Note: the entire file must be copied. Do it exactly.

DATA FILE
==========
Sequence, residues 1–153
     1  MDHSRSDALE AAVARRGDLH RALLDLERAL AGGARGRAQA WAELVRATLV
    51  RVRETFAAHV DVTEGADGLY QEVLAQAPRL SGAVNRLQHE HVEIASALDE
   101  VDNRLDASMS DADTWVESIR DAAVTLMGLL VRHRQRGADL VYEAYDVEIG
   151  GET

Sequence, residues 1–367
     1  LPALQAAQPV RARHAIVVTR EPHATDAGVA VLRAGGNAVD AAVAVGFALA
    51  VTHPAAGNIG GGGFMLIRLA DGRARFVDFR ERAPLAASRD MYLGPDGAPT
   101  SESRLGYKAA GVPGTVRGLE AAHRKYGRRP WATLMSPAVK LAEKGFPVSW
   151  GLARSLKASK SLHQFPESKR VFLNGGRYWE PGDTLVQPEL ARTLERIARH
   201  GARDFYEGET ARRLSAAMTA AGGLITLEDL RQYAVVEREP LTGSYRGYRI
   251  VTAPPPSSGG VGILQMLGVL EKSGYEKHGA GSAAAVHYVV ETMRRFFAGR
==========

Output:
Sequence, residues 1–153
     1  MDHSRSDALE AAVARRGDLH RALLDLERAL AGGARGRAQA WAELVRATLV
    51  RVRETFAAHV DVTEGADGLY QEVLAQAPRL SGAVNRLQHE HVEIASALDE
   101  VDNRLDASMS DADTWVESIR DAAVTLMGLL VRHRQRGADL VYEAYDVEIG
   151  GET

Sequence, residues 1–367
     1  LPALQAAQPV RARHAIVVTR EPHATDAGVA VLRAGGNAVD AAVAVGFALA
    51  VTHPAAGNIG GGGFMLIRLA DGRARFVDFR ERAPLAASRD MYLGPDGAPT
   101  SESRLGYKAA GVPGTVRGLE AAHRKYGRRP WATLMSPAVK LAEKGFPVSW
   151  GLARSLKASK SLHQFPESKR VFLNGGRYWE PGDTLVQPEL ARTLERIARH
   201  GARDFYEGET ARRLSAAMTA AGGLITLEDL RQYAVVEREP LTGSYRGYRI
   251  VTAPPPSSGG VGILQMLGVL EKSGYEKHGA GSAAAVHYVV ETMRRFFAGR